Image Of A Cyclist's Legs And Shoes Doing A Turbo Trainer Workout On The Turbo Trainer

5 Turbo Trainer Workouts to Help You Stay Fresh This Winter

BY Chris Baddick

Stuck indoors? Make the most of this time with these five trainer workouts designed for maximum efficiency in the shortest amount of time.

The indoor trainer is a dreaded but necessary part of many cyclist’s training program. While there are times in the season that an alternative activity—running, hiking or skiing—can fit well into a plan, sometimes there is a need to get on the trainer and complete a session. While long and steady base miles can work out well when the weather is fine, a different approach is needed to get the best out of a turbo trainer workout. Adding in intensity, even during the early season, can make up the training load where volume is missing. Pedaling drills are also a great way to make the time go faster. These five sessions will add some spice to your weekly rides while adding some benefits that you might not get from riding outside.

1. Single Leg Drills

While single leg drills should probably be avoided on the open road, the trainer is the perfect time to practice some single leg pedaling. Single leg drills are great at strengthening the muscles that don’t normally get worked on the bike with two legs; hip flexors in particular. Unclip one foot and leave it dangling to the side. If you’re unsteady you can use a chair to rest your foot on. With the active leg, build up to completing a minute of single leg pedaling on each side. Keep the cadence high in order that you don’t overly stress the hip flexors when you’re getting started. You’ll notice that the upward section of the pedal stroke becomes much more difficult, and it’s here that you’ll have to focus on keeping your cadence up.

2. High Cadence Intervals

Many races are won by well-timed accelerations, rather than all-out power; think about Mark Cavendish timing his “jump” to perfection. Practicing riding at high cadence can improve your acceleration, and also allow you to follow moves during the critical part of a race. For road cyclists, this may mean riding at your Functional Threshold Power (FTP) while maintaining a cadence of 110 rpm or above. Cadence ladder drills are an easy way to pass the time on the trainer, and also give you a chance to improve your smoothness at a higher cadence. Starting at a comfortable cadence of 80 rpm, increase your cadence by 10 rpm every 2 minutes until you get to 120 rpm. Repeat three times to begin with. For progression, try spending 4 minutes at each cadence, or pushing your limits by seeing how fast you can turn your legs without bouncing right off the trainer. High level track cyclists can comfortably spin at 160 rpm. What’s your limit?

3. Muscle Tension Intervals

Most cyclists head to the gym during the off-season to build strength and gain some resilience to injury. Strength work can also be achieved on the bike with muscle tension intervals. Settle into a cadence of 50-55 rpm, and hold it for 5 to 6 minutes. Repeat this three times for the first week, before building up to a continuous block of 20 minutes at the low cadence. Not only are these a great way to improve strength, they also aid in the recruitment of more fast-twitch muscle fibers which will help you out in sprinting and anaerobic efforts later in the season. The final benefit of muscle tension work brings your glutes into play: While most cyclists can get away with using mostly quadriceps and hamstrings on the bike, the lower cadence will really activate the gluteus maximus, giving you another powerful muscle group to work with.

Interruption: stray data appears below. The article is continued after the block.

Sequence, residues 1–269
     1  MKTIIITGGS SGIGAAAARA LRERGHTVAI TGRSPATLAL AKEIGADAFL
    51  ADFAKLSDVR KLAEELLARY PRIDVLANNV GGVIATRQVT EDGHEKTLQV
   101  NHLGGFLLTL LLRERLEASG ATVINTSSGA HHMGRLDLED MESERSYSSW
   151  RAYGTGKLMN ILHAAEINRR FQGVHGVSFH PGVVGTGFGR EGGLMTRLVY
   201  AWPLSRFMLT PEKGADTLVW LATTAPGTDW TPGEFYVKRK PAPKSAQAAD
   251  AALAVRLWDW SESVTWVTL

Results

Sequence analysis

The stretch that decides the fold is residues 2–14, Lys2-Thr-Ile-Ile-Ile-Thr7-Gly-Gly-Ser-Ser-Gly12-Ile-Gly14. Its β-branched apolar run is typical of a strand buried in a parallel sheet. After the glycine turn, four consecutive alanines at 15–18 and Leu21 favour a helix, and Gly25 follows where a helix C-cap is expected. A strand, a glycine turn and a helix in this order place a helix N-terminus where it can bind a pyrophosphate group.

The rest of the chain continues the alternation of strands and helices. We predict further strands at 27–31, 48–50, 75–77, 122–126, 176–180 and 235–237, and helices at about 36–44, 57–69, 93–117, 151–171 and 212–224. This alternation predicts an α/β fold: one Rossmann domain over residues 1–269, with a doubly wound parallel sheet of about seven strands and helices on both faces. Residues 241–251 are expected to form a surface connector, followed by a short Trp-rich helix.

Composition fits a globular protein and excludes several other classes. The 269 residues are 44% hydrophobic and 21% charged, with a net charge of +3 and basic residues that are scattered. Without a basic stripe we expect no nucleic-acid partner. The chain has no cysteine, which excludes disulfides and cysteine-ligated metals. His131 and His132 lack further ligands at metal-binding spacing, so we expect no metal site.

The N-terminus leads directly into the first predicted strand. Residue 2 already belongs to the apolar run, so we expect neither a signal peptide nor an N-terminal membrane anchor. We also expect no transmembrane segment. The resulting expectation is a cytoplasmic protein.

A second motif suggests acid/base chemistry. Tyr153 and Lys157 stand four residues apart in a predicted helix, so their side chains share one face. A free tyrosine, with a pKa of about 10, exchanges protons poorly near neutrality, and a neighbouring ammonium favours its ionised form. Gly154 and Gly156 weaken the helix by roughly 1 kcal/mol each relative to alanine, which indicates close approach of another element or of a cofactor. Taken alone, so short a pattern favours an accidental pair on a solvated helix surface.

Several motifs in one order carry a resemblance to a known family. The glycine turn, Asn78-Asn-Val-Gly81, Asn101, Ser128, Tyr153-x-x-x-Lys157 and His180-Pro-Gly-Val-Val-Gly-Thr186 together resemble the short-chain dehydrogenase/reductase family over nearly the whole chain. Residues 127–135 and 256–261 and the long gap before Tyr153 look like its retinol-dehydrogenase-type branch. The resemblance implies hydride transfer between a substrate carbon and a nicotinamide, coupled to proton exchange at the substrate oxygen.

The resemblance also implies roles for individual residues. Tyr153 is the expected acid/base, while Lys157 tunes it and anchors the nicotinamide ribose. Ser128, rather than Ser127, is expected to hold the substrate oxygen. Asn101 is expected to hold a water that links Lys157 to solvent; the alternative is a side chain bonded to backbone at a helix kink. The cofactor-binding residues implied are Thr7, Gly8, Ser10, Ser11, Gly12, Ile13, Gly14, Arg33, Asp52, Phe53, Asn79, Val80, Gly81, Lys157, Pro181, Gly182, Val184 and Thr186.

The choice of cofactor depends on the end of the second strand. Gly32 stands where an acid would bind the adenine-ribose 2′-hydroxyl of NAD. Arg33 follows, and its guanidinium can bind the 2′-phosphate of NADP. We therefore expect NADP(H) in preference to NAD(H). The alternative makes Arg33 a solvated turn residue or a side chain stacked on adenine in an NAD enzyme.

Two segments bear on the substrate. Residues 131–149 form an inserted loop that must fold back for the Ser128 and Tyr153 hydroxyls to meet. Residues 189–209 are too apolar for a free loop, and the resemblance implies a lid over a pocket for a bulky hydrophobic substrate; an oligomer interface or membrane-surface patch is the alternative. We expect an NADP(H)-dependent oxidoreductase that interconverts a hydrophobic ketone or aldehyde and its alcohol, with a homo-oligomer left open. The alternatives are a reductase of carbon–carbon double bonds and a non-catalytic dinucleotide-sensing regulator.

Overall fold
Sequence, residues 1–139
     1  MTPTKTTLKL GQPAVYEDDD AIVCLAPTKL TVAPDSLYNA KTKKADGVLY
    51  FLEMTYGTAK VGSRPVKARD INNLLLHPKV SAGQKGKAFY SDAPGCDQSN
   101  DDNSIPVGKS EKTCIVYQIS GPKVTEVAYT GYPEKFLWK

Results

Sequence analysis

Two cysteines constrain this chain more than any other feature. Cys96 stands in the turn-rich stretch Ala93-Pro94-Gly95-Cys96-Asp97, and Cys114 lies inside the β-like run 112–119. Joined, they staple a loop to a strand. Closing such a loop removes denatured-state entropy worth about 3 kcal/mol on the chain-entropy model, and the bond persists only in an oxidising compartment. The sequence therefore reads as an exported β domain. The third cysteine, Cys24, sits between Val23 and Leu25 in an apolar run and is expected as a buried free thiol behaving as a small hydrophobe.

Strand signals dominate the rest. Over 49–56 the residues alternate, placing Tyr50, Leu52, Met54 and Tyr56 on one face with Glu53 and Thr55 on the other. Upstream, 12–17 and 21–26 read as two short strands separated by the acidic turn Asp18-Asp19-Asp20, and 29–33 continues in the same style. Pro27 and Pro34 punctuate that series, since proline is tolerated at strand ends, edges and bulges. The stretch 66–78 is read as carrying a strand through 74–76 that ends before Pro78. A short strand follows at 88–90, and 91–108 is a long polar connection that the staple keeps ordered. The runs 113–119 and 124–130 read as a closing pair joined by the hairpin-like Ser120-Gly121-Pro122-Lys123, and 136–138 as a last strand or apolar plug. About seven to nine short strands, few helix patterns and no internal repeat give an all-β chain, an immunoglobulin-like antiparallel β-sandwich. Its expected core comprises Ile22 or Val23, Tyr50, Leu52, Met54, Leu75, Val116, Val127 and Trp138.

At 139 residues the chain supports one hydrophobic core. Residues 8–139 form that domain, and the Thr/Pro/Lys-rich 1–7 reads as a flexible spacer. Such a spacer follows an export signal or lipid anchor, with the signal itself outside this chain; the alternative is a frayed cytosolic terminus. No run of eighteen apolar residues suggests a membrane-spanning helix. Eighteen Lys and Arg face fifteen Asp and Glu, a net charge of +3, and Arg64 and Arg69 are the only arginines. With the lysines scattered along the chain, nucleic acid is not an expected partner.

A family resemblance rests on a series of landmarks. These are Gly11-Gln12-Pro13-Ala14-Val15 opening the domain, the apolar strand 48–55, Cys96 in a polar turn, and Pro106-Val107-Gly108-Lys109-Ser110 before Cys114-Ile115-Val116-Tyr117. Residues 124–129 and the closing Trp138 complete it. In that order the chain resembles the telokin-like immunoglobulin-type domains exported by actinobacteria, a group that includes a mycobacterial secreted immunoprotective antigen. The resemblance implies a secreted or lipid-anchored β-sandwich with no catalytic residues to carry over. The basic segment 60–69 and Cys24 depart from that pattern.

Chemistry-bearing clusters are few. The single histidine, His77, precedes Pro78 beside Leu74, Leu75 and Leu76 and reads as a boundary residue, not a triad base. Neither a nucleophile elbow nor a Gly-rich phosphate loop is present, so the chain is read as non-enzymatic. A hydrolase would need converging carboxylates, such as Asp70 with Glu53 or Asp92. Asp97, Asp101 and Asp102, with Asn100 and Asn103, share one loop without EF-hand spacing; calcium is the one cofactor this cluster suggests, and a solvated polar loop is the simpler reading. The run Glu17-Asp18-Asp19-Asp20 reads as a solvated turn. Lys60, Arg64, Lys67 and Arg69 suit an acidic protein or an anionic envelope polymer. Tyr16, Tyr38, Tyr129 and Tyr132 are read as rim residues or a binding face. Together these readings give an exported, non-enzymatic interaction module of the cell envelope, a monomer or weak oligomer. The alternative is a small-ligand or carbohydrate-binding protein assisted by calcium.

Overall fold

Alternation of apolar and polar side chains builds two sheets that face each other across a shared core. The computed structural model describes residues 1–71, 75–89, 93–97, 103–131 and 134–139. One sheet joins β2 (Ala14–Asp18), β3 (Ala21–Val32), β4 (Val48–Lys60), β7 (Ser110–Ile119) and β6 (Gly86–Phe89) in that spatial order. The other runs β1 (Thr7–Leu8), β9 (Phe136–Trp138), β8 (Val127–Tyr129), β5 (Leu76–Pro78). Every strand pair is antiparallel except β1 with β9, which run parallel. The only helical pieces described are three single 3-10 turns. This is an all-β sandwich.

4. Sweet Spot Intervals

Sweet spot training is a great way to spend time on the trainer. When you only have an hour to ride, there is not much benefit to riding at a traditional base pace: you simply cannot do the volume to get enough benefit. Upping the pace to roughly 90 percent of your FTP (for new riders: think of the pace you can ride at while only just sustaining a conversation) will mean you get a better workout without incurring a huge amount of fatigue. Start your training plan with three intervals of eight minutes at  your “sweet spot,” and build this up until you’re fitting 45 minutes at this intensity during your hour inside.

5. Microburst Intervals

Holding above-threshold power on the trainer can be tortuous. The seconds tick slowly by as your legs fill up with lactic acid. But you can get a similar workout load and break up the monotony by splitting your workout into microbursts. Try holding 45 seconds at your Functional Threshold Power (FTP) followed by 15 seconds of rest. Repeat this for 10 minutes, and you’ll find that you’ve spent 7.5 minutes at threshold with only a fraction of the mental energy being spent. Do two to three sets of these to get started.

All these sessions have plenty of room for progression as your time and fitness allows.

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About Chris Baddick

“Chris Baddick is a British professional mountain biker and coach based in Colorado, USA. When he isn’t racing his bike, he can be found coaching mountain bikers and cyclocross athletes of all abilities. Reach out to Chris at

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